I am okay with the Pastoral Jesus. I love the images of him carrying the lamb on his shoulder. I like to think that as the pre-Incarnate Christ was there at creation, he has a good way with animals and people.
I preach regularly about the universal salvation of Jesus. For Advent, the Incarnation is Jesus’ first act of reconciling us to himself. By the very act of entering the flesh, Jesus draws all creation closer to God. By dying an earthly death and raising from the dead, Jesus completes the work of reconciliation.
When I was in seminary, I worked hard on determining theologically how Jesus saves. A common premise was how can Jesus save the abused, when they are still under the boot of their abuser. My time as a US-2 working at a children’s home gave me real-life cases around which to shape my theology. If Jesus can’t save them, then he is no savior. The incarnation became vital: Jesus enters our collective experience and saves from within.
But now things are different. I’ve worked things out theologically, but experientially, I’ve changed. I’m now a father, with all the stresses and challenges. And I love being a dad. It’s tough but awesome. I’ve never been so tired, or so connected. In fact, just the other day, I thought, A. is about the only person on the planet that gives me extended periods of eye-contact.
But Jesus was never a dad and never a husband (to our knowledge). I can’t see how he could have done the things he did were he not single and childless. But there are consequences. Peter exclaims that he has left everything to follow Jesus. The Rock upon which Jesus built his church abandoned his family. The promise of getting it back in heaven just isn’t comfort enough for me. Abandoning M. or A. seems unconscionable.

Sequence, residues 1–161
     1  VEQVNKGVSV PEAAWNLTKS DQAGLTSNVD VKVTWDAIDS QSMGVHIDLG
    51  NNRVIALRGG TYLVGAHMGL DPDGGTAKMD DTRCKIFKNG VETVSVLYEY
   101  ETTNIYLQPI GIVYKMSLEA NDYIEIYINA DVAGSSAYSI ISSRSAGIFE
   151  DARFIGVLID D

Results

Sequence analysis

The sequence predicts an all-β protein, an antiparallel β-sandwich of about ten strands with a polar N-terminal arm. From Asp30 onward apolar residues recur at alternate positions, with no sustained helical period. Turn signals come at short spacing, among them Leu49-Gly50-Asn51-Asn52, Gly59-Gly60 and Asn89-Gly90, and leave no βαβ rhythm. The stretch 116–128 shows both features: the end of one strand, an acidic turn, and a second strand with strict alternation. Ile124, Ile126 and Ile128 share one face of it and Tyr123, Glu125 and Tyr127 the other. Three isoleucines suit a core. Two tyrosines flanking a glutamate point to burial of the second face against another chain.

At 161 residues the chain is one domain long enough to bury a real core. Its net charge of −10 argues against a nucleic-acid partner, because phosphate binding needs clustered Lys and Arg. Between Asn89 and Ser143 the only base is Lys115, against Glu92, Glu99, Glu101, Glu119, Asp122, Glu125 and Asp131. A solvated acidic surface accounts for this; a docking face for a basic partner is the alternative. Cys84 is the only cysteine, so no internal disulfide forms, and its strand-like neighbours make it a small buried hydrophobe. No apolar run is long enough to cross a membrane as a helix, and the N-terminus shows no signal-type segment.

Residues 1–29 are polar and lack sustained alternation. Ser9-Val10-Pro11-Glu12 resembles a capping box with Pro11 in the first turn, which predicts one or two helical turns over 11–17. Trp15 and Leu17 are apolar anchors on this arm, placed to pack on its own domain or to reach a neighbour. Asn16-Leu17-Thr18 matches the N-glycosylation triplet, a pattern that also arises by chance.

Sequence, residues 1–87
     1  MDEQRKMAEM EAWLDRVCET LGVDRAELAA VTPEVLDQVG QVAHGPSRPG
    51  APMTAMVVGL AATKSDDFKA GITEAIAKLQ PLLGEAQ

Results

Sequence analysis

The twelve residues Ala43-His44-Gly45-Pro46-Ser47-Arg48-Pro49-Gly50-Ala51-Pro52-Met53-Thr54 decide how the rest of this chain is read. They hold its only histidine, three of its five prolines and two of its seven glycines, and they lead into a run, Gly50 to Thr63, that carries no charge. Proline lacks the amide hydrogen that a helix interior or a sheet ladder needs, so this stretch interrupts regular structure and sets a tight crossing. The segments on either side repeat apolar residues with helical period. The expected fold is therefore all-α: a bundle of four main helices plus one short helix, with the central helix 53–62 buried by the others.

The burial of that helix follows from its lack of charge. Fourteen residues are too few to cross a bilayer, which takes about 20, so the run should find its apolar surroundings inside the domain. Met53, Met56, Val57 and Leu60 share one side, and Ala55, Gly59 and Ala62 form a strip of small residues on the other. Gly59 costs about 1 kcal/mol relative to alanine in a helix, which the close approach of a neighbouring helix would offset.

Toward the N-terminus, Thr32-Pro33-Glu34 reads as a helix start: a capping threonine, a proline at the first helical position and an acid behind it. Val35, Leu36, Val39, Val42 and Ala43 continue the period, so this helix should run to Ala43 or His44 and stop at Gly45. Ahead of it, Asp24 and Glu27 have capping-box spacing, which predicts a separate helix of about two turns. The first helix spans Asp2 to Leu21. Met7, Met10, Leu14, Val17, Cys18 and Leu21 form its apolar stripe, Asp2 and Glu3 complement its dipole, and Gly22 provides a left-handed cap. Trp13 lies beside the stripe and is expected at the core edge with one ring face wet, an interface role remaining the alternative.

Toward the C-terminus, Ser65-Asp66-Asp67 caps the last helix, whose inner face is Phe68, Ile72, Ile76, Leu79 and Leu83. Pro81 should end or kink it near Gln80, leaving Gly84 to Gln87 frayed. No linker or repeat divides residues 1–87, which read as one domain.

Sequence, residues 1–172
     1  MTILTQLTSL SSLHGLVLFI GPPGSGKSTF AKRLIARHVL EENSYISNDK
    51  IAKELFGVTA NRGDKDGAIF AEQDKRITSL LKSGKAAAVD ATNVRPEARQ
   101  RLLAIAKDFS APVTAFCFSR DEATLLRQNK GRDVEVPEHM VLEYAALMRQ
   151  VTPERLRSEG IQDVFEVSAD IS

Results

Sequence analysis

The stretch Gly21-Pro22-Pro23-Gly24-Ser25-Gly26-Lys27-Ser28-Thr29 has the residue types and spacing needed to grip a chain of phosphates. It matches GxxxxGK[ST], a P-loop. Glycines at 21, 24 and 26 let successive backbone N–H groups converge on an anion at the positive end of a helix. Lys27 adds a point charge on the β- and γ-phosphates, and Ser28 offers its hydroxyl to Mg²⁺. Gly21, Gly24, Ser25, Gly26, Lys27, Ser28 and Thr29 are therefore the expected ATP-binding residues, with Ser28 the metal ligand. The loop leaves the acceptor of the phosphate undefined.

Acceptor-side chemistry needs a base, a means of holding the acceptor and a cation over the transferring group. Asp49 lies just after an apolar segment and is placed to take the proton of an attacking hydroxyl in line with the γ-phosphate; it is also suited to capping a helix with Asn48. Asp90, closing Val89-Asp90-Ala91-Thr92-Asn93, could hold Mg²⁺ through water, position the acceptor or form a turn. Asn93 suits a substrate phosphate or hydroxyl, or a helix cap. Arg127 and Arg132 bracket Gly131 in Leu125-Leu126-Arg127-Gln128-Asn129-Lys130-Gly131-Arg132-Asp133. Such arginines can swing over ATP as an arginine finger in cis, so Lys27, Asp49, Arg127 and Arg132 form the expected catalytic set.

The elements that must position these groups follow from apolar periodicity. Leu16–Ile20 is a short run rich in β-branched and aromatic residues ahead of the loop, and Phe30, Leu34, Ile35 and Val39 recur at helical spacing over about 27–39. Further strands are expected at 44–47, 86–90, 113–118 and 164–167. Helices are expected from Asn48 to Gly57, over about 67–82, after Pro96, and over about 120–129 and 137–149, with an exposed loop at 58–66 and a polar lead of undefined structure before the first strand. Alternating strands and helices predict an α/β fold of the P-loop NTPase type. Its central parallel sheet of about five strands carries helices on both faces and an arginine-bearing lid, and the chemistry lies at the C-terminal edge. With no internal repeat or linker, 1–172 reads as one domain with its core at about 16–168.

Peter, et al aside, how can Jesus look out upon the crowd gathered on the Mount, look into the faces of mothers and fathers and tell them not to worry? I know, Jesus carried the weight of the world’s sin to the cross and, praise the Lord, I bear it no more. But sometimes being a dad troubles my soul. I worry that I can ‘t handle the responsibility, that A. will grow up to hate me, that I can’t handle the aloof teen years, etc. I worry that I’m not helping M. enough, not leading the family well-enough. I know that scripture tells us that being a good dad is connected to being a good pastor (1Tim 3:5), but I feel ungood at both. I feel so fragile at times. Incarnation notwithstanding, where is Jesus’ salvation for me.
Disclaimer, since it’s hard to read tone on the web: This is not a rant, but a current obstacle. I’ve not given up on Jesus, and I know his grace is sufficient for me. We’ve just been having some words.